Mrs May would normally be politically closer to Mr Fillon, who wants to enact a radical overhaul of the public sector and has previously expressed deep admiration for Margaret Thatcher, but he has made no indication he intends to visit the UK.
On Monday, Mr Fillon unveiled watered-down public healthcare reforms after earlier plans to part-privatise the system saw him nosedive in the polls.
The meeting comes at a crucial moment in Mr Macron's presidential run; whose promise to enact a "democratic revolution" on a "neither Left nor Right" ticket appears to be losing steam.
After a spell out in front, one poll on Monday afternoon suggested he had lost ground to his closest election rival, embattled conservative Francois Fillon, and might not make a May 7 runoff against far-right leader Marine Le Pen.
Up until now he has been neck and neck in the election's knock-out first round with Mr Fillon, who has been embroiled in fake jobs allegations involving his British wife.
The Elabe poll put Mr Macron, a former investment banker and economy minister, on 17-18 per cent in the first round, with Mr Fillon on 20 to 21 per cent.
Polls suggest that whichever candidate makes it to round two of the election on May 7 will go onto beat Marine Le Pen, the far-Right Front National leader, who is widely tipped to reach the run-off only to lose. However, the gap between the FN leader and either rival has also narrowed - rattling markets.
Meanwhile, Mr Macron's support base is by far the most volatile, the same polls suggest, meaning a major faux pas could see him drop behind.
Although critics accuse Mr Macron of sitting on the fence by remaining woefully short on policy details, he can expect a warm welcome from around 4,500 people, many working in the financial sector, registered to attend the London event organised by his youthful grassroots campaign En Marche! (On the Move!).
While other candidates have blasted globalisation and big business, Mr Macron embraces the "liberal" market economy and a start-up mindset He has pledged to help "outsiders" locked out of France's generous system rather than the minority of "insiders" who reap its cosy benefits and block any change.
Around a third of the 300,000 globally minded French nationals living in London have registered to vote in the upcoming election as part of the Northern Europe constituency, meaning that their support could prove significant given the unpredictable outcome.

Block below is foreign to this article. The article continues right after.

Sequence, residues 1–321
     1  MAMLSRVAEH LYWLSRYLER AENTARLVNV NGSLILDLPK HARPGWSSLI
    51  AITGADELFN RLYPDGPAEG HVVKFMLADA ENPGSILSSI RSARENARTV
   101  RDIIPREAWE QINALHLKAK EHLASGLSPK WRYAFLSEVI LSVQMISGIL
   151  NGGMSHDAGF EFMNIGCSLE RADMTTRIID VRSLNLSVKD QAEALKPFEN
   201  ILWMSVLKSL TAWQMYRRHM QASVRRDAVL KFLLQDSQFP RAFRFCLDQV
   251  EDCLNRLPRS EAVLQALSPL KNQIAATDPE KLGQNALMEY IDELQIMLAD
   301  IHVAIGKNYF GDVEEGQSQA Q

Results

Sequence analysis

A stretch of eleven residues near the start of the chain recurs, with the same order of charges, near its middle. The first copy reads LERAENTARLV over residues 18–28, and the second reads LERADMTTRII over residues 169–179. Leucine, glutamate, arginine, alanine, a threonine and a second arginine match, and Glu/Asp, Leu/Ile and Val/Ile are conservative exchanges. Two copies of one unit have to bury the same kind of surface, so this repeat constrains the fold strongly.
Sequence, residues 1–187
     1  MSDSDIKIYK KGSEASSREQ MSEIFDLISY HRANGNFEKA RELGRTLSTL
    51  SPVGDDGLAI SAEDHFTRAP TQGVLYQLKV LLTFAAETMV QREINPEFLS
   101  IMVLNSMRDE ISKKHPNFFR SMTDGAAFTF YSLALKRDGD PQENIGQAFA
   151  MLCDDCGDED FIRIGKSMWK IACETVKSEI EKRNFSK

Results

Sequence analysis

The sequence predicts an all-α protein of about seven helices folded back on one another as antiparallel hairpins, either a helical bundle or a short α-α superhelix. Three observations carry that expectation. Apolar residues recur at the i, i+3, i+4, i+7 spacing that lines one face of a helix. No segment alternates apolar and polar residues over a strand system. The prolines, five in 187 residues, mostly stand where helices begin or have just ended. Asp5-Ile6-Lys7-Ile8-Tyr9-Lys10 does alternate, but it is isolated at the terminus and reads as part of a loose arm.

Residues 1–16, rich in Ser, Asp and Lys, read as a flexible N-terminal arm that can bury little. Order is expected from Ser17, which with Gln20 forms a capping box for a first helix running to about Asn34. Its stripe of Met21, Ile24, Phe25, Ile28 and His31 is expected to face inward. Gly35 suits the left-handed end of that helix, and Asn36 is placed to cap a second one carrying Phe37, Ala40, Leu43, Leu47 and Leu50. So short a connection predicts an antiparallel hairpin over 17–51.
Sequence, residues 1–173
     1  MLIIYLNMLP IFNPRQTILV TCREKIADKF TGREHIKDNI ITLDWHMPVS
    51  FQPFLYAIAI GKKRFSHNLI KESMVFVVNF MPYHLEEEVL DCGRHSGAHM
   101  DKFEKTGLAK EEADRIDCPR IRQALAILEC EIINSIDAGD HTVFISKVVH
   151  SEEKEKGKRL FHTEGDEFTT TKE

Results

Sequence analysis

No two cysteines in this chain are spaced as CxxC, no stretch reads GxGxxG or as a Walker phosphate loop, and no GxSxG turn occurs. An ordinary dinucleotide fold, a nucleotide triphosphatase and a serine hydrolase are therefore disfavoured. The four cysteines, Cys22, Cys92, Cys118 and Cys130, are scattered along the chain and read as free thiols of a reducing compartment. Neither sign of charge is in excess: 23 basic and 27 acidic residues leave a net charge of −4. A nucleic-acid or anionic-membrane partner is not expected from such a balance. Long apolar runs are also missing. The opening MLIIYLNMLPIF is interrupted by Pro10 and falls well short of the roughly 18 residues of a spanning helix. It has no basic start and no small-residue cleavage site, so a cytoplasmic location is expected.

Mr Macron is staunchly pro-European and recently warned he would advocate a "pretty tough" line in Brexit negotiations with Britain.
French expatriates at the event at Central Westminster Hall on Monday night may seen him as the antidote to the soak-the-rich policies of his former boss, Mr Hollande, whose 75 per cent tax on millionaires Mr Macron himself derided as turning France into "Cuba without the sun". The measure drove many to move o the UK.
This week, Mr Macron is finally due to start revealing hard policies, starting with his budgetary plans on Friday. He has already said he wants to cut state spending by €60 billion over five years. He will then outline around ten main manifesto "themes" as part of a "contract with the nation" on March 2.
Mr Fillon was forced to show much of his hand far earlier in party primaries, promising to cut more than half a million jobs from the state sector and force civil servants to work longer hours for the same pay.
Ms Le Pen, meanwhile, this month outlined 144 proposals to the French electorate, which include leaving the eurozone, slowing immigration and calling a referendum on leaving the European Union.
Mr Macron has raised several million euros in campaign funds from dinners and invitation-only meetings with expatriates in London and other capitals at which guests are invited to contribute as much as €7,500 (£6,400) to support his candidacy.
His team said he was due to meet high-level contacts in London in the search for fresh donations.
Another key event for Mr Macron this week is whether François Bayrou, a high-profile centrist who came third in the 2007 presidential election, decides to run or throw his weight behind his younger, more urbane alter-ego.
French media suggest Mr Bayrou has been horse-trading for the conditions of his support but has not ruled out running for president for a fourth time.
His candidacy could deprive Mr Macron of vital votes in the centre ground.
Mr Bayrou is due to make an announcement on Wednesday afternoon in Paris.